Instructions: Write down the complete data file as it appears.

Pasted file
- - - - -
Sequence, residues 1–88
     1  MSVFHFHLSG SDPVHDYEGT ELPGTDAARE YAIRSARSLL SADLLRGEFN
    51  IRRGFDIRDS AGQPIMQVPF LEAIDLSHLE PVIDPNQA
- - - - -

Sequence, residues 1–88
     1  MSVFHFHLSG SDPVHDYEGT ELPGTDAARE YAIRSARSLL SADLLRGEFN
    51  IRRGFDIRDS AGQPIMQVPF LEAIDLSHLE PVIDPNQA